CSMatt writes: "I find it puzzling and interesting that, given all of Microsoft's negligence on Windows, the community still doesn't seem to support ReactOS development near as much as the Linux distributions or even the BSDs. ReactOS could easily do to Windows what the GNU project did to UNIX, but it seems like it is constantly falling short of a suitable Windows alternative due to either a lack of developers or a lack of money. Yes, I know that it takes about a decade for the community to write a complete operating system, and it will probably take at least 15 years to write one as complex as Windows, but there still seems to be something that is slowing the project down. Is it disbelief that the final version will be able to provide compatibility with Vista or Vienna programs because ReactOS will inevitably have to play catch-up with Windows? Is it the idea that it would still be used only by hobbyists and free software advocates, even though it is possible that the low price of zero might woo OEMs into preinstalling it?"

Submission + - Australian likely to escape death for cannabis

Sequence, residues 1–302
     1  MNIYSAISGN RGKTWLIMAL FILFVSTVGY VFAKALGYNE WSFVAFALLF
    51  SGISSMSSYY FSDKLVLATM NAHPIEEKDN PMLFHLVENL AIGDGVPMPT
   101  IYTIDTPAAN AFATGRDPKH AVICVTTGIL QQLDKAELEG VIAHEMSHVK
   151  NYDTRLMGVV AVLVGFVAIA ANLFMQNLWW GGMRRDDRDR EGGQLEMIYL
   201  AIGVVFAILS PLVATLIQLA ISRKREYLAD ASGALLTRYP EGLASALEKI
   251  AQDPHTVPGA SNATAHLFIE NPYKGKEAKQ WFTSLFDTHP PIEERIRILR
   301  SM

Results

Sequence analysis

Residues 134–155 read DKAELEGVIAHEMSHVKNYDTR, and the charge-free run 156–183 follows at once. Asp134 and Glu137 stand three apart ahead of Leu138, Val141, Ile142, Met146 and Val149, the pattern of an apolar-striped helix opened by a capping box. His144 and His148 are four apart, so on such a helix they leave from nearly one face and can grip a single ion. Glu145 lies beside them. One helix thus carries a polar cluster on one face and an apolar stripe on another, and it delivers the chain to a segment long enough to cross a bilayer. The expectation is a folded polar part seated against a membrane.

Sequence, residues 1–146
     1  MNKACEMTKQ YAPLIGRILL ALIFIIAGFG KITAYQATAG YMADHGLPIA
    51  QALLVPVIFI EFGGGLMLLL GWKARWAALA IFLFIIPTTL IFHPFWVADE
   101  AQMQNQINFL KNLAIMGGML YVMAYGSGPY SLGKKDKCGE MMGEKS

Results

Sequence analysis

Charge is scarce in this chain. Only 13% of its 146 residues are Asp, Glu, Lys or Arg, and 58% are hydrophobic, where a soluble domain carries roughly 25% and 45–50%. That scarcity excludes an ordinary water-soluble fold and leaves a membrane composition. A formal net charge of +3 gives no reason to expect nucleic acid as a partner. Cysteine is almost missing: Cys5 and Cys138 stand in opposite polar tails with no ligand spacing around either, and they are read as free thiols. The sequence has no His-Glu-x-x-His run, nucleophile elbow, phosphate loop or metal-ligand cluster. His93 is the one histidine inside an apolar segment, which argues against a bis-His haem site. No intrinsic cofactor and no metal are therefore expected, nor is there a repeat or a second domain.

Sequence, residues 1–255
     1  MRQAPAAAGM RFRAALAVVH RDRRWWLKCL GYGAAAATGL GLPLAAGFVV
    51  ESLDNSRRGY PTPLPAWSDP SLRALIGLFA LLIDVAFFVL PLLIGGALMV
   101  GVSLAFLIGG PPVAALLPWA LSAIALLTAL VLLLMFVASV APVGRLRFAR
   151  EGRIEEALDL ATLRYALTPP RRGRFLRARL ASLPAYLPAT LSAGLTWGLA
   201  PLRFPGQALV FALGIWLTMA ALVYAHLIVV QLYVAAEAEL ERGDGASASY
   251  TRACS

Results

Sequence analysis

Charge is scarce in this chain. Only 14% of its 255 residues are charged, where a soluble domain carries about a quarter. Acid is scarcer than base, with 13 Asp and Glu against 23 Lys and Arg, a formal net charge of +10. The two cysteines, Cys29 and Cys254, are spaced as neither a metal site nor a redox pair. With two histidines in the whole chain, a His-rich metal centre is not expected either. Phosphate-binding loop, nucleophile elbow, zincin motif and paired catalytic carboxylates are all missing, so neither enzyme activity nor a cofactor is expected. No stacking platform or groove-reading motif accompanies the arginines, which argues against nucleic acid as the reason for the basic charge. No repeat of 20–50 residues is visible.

tortilla writes: "AN Adelaide man is likely to escape execution after being arrested in Singapore allegedly in possession of 495g of cannabis, just 5g under the death penalty limit. Michael Karras, 38, was alleged to have had four slabs of a greenish matter in his flat when it was searched by officers of Singapore's Central Narcotics Bureau late last week. If found guilty, he faces between five and 20 years in jail and between five and 15 strokes of the cane. Under the city-state's tough drug laws, trafficking 500g of cannabis would be punishable by death. A Department of Foreign Affairs spokeswoman said Mr Karras and his family in Australia were being provided consular assistance. Mr Karras's mother, Irene, said she could not discuss the charges levelled against her son. "You need to respect my wishes as a mother," she said from her Adelaide home. "It's a small community and I have to live here." Australian Van Tuong Nguyen was hanged in 2005 after his conviction for trafficking heroin, despite pleas for his life from John Howard and international human rights groups. Nguyen was caught three years earlier at Changi Airport carrying nearly 400g of the drug while in transit from Cambodia to his home in Melbourne. Singapore has regularly refused to buckle to international pressure on its legal system, not only turning down repeated requests for clemency in the Nguyen case, but also rejecting international appeals on other cases. The appropriateness of the death penalty is a taboo subject in Singapore, where executions receive little media attention. In 1994, the island nation caned American teenager Michael Fay, accused of vandalising cars, while in 1997 it sentenced a New Zealander to jail and caning for overstaying his visa and taking drugs. Probably the most controversial case was the 1994 execution of Filipina maid Flor Contemplacion, convicted of murder. Her death caused a diplomatic row between Singapore and The Philippines, but Singapore refused to budge. Amnesty International says Singapore has the highest rate of executions per capita in the world, hanging eight people last year. By Simon Hayes and Pia Akerman @ The Australian January 17, 2007 01:00am http://www.news.com.au/story/0,10117,21071250-2,00 .html?from=public_rss"